More and more organizations are recognizing the value of having trained and experienced project management professionals on staff. Project managers are responsible for creating teams of skilled professionals, developing plans to achieve certain objectives, communicating between workers and executives and executing strategies to ensure success. Depending on where a professional is located, the size of their employer and the scope of their expertise, project managers can take home between about $50,000 and $230,000 in salary, plus various benefits.
If you believe that you are well-suited to a career in project management, here is a basic guide to the path you might take to reach success.
As members of the management team, project managers are more than a step above entry-level workers, and as such, these roles typically require more advanced qualifications from job applicants. In truth, the exact qualifications for project managers vary from employer to employer, so you might need to research requirements in your area before you pivot your career.
Most project managers have some form of bachelor’s degree in business, ideally a project management degree from a respected university. If you lack a degree in project management, you might spend time taking courses that improve your knowledge and skill associated with human resources. Some project managers have pursued higher education in the field, which improves their chances of acquiring higher-level employment with larger companies. Additionally, some project managers obtain certifications, like the PMP cert from the Project Management Institute. Such certifications can help demonstrate a professional’s specialization in unique fields, like tech.
No two project managers are exactly alike — but professionals in this role tend to share many of the same traits and talents. Project managers must be excellent communicators, capable of translating information for different team members to ensure comprehension at all levels. Thus, project managers tend to be confident and capable in social situations. Project managers must also be excellently organized to keep their teams on track to success. Thus, project managers tend to keep their spaces neat and tidy and utilize tools like calendars and inbox filters to keep themselves in order. If you recognize both of these tendencies in yourself, you might make an excellent project manager.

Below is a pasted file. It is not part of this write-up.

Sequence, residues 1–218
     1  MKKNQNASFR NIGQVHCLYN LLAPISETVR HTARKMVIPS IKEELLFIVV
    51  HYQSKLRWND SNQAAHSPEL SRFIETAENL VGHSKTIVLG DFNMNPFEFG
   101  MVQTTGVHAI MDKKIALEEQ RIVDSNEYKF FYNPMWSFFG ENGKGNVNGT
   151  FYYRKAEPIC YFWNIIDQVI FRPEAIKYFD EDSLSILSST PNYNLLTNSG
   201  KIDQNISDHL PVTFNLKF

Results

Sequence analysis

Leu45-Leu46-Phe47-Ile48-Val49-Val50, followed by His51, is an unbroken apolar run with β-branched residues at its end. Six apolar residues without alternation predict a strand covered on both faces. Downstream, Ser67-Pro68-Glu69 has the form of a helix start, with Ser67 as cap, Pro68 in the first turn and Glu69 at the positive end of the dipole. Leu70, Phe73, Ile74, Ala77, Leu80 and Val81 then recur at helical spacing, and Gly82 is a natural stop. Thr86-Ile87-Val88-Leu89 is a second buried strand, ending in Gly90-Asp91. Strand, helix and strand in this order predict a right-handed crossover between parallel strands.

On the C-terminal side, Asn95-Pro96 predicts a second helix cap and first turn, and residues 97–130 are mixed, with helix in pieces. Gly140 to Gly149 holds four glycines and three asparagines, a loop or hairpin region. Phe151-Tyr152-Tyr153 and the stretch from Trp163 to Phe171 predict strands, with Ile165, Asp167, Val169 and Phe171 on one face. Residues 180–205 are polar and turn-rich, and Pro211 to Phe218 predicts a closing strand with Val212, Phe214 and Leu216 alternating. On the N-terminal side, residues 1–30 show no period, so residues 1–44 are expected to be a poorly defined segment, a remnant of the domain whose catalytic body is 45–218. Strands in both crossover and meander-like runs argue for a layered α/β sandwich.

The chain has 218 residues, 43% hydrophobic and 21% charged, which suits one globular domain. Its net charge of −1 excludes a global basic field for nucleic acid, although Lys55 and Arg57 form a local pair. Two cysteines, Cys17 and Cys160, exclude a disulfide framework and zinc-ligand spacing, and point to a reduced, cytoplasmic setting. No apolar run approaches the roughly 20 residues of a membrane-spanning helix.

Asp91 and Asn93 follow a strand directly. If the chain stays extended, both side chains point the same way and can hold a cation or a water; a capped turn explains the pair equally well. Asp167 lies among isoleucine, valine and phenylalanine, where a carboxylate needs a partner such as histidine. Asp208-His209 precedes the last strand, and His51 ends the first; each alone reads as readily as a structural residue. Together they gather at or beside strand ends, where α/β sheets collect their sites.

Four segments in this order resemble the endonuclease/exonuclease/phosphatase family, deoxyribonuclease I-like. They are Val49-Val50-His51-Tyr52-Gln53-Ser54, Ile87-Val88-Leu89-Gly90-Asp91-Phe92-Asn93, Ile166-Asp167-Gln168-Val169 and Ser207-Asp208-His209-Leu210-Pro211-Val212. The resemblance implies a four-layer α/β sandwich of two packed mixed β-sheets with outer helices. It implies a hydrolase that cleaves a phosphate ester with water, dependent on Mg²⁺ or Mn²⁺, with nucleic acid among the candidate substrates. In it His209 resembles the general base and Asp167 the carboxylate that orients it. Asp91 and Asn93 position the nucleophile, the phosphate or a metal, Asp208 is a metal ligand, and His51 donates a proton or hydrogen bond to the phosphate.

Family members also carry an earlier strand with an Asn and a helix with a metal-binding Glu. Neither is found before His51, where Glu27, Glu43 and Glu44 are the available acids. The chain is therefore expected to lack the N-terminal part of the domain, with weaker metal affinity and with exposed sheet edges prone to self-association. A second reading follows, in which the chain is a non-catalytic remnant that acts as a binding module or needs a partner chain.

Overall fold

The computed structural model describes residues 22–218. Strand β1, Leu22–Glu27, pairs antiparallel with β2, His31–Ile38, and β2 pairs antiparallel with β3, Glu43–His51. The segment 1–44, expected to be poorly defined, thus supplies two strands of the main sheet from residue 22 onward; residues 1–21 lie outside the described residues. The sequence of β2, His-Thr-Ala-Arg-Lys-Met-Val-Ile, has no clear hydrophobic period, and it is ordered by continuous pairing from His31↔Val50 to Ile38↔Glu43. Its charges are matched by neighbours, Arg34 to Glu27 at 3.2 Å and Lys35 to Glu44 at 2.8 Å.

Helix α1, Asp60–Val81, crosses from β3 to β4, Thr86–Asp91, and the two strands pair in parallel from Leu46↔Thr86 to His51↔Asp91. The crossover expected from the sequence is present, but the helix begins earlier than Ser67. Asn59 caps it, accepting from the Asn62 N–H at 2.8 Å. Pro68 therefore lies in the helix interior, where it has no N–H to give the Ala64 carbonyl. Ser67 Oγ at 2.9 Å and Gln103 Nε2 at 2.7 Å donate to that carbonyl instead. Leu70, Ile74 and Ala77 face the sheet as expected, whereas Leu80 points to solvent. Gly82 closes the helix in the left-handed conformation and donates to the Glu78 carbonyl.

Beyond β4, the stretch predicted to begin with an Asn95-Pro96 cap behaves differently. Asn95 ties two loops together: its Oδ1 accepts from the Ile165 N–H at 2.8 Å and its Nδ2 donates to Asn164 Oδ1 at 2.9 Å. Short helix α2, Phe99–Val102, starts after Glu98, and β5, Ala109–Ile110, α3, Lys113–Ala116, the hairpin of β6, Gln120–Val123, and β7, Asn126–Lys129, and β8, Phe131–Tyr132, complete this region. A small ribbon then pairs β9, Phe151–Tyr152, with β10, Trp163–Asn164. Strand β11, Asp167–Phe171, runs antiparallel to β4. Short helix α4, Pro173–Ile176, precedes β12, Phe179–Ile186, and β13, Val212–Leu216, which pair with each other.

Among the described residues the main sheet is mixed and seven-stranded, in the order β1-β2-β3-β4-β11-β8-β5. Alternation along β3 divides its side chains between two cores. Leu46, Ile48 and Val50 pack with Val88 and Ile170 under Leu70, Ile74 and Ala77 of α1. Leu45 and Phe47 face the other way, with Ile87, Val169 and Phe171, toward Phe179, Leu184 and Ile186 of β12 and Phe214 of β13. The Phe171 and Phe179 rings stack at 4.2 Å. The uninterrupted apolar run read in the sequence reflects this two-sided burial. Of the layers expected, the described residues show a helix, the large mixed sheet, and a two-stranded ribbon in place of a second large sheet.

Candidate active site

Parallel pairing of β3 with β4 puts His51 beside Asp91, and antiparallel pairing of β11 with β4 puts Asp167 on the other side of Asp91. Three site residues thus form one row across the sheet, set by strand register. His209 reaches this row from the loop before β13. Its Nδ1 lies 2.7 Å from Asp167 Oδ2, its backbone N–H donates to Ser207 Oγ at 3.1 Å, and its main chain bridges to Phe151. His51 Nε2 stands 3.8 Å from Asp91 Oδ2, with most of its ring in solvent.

You can experiment with the project management role before committing your entire career to the path by interning for or shadowing a current project manager. You might look for available opportunities in project management consulting firms, where you will be given the opportunity to see how project managers work in real life. Though internships and shadowing are not necessarily essential to success in the project management field, these experiences can help you develop a more realistic idea of the career and build your experience and network for the future.
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Project Management Path
The right qualifications will earn you the opportunity to function in entry-level project management roles, which tend to have names like “project coordinator” or titles including words like assistant, associate and junior. In this role, you will provide support to a project manager as you gain real-world experience that will prepare you to function as a full-fledged project manager yourself. An entry-level project management role usually pays around $60,000, depending on your location and the size of your employer.
After a few years in an entry-level position, you can take the step into true project management. Project managers take full responsibility for the progress and productivity of their teams, which means you should only move into this role when you feel ready. You might specialize in higher-paying fields in tech, construction or healthcare if you have the experience and certifications to prepare you for the unique workload. Specialized project managers can earn upwards of $100,000, and non-specialized project managers take home around $90,000 in salary.
A few project managers will continue to climb the career ladder into senior project management positions and perhaps even into the c-suite. High-level project managers oversee projects of bigger scope, which might involve larger budgets, broader territories or longer time frames. Due to the extra complexity of these projects, senior project managers demand salaries upwards of $120,000 and perhaps more than $170,000, depending on location and field.
According to the Bureau of Labor Statistics, project managers are in demand. By tailoring your education and experience to this field, you can give yourself a rewarding career in project management for life.